16 September 2014

Three Therapists in One: A New Meaning to the Holistic Approach

One of the hardest-but-at-the-same-time-best parts of my job, professionally speaking, is the necessity to be a full-service therapist.  That would be an OT, PT and Speech Therapist all rolled into one . . . although, I'm pretty sure that's not what they mean when they say OT comes from the 'holistic approach'.

My work with S. is the perfect example of this.

S. survived tetanus, a horrific disease that caused all of her muscles to become rigid, including those required for swallowing and breathing . . . two functions necessary for survival.  Which is why I was consulted: chest PT for her aspiration pneumonia and speech therapy for swallowing.

When I went to see her last Monday for our session, she told me that she didn't like me and I should just leave her to die.


Her mother had given up hope and was already beginning to grieve.  S. had lost her will to live and had resigned herself that healing was not possible.

She had survived tetanus . . . but I couldn't accept the thought of her starving or choking to death.

So we began working together several times a day . . . sitting up at the edge of the bed mostly.  She had very poor endurance, nearly no activity tolerance and was incapable of volitionally moving her own limbs . . . on top of that, she made it very clear how she felt about me.  

But we kept going.

Within a few days S. was able to move into a regular hospital bed.  I brought her a chair for the bedside so that we could keep her from spending all of her time laying down.  At first she was a dead-lift from the bed to the chair, and could only tolerate being upright for a few minutes . . . leaving her to sit in the chair wasn't an option, as our chairs are crap and the slightest nose or movement that would startle her would cause her whole body to extend rigidly like a board--hard to sit in a crappy chair if you can't bend in half.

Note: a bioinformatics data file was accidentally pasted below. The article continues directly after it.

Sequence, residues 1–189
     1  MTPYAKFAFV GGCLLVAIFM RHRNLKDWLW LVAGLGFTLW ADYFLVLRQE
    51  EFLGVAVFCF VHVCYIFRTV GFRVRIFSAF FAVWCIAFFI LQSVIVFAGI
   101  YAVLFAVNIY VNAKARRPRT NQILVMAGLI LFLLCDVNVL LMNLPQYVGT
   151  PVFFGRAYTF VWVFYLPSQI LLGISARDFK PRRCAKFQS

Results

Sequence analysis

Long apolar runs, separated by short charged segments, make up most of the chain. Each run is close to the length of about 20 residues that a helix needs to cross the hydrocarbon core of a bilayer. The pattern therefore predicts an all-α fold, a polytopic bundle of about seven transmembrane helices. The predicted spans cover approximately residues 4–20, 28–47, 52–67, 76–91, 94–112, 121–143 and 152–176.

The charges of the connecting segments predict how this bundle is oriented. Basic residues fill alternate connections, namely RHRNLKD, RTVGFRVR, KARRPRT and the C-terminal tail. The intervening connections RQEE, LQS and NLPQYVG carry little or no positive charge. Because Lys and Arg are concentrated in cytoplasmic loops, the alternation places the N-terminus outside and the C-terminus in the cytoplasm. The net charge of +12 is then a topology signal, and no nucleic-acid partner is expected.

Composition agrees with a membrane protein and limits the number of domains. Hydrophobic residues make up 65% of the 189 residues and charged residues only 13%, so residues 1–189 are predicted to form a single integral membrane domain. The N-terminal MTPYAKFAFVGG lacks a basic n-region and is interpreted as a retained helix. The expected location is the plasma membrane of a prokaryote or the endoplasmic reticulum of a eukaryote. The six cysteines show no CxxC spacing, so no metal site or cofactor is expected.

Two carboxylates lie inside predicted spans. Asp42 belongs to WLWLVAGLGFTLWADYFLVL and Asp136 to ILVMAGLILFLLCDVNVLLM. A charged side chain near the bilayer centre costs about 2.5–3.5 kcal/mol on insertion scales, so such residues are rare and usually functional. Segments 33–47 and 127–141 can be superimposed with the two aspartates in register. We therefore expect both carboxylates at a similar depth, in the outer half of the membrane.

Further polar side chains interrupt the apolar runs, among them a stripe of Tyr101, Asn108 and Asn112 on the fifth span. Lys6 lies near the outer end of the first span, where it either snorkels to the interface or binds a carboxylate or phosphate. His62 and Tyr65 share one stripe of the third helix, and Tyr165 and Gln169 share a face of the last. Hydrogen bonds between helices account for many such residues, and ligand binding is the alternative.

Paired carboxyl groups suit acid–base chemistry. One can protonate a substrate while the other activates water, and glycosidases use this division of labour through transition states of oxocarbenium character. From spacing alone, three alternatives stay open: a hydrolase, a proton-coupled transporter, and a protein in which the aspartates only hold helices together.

Every morning she was the first patient I'd see--out of bed, into the chair.  I'd sit on a stool facing her, making sure she didn't lose her balance and we'd make funny faces at each other--I mean, do Speech Therapy exercises.

Over the week she was able to semi-wash herself and contribute a little more as she sat up in bed and moved to the chair.  She started to take a few side steps.  But the biggest improvement was her oral ability.

Swallowing is an essential part of life.  The swallowing mechanism isn't just for transporting food from the mouth to the stomach . . . if the system is impaired, it can have fatal consequences.  Swallowing is a protective response; it keeps saliva (and food/water/etc) from entering the lungs. IT IS A NECESSARY FUNCTION FOR LIVING!

Day after day, S. wiggled and contorted her lips and tongue . . . all the while begging that we remove the NGTube.  Whenever we came to the 'smile' exercise, she'd stretch her lips, but nothing that remotely resembled a smile.  I tried to make her laugh . . . nothing.  She simply would not enjoy anything about this process.

On Friday of last week, she refused to sit in the chair during our morning session.  Knowing she would do the same with her Speech Therapy if I forced the issue, I made her promise that we'd stand and move in the afternoon.

I returned a few hours later to find her already at the edge of the bed.  I got into position to help her transfer, counted to three and started to stand her up.  Only, S. didn't stand.  She didn't even make an attempt!

I leaned back, looked her in the eye and said 'You're going to make me work for this, aren't you?'

A great big you-better-believe-it smile spread across her face!

On Saturday, S. didn't want to do her Speech Therapy exercises.  There were too many people in the room, staring.  She was embarrassed.

I knew I had to act quick or I wasn't going to get her to work . . . so I decided to make her laugh.

'Okay, stick out your bottom lip and lift it over your top lip toward your nose,' I instructed.

'I can't,' she said stubbornly.

'Do you know why I can do that so much better than you?'

She furrowed her eyebrows at me.

'Because when God made me, He forgot to give me a top lip!  Watch this . . . now you see it, now you don't!'  (For you who don't know me personally, I have very thin lips, and when I smile the top one disappears.)

S. watched closely as I smiled, stretching my top lip so thin it was practically gone.  It was just what she needed to crack.

Laughter all around!

Yesterday we pulled her NGTube . . . since she was able to begin swallowing foods like guavasauce and tuwo (millet dumplings).  Today I've let her start sipping water and milk.

And then, this morning, another miracle happened.  S. sat herself up in bed!  But it gets even better!!  She then stood up and walked!!  With help of course, but she went ~10 feet, three times!  The whole patient ward cheered as she strutted her stuff!!  And then we had to celebrate with a little dance!

In one week, we went from 'I DON'T LIKE YOU . . . LET ME DIE!' to dancing down the aisle of the overflow medical ward!

And to think what we might actually be able to accomplish if we had real Physical Therapists and Speech and Language Pathologists!!

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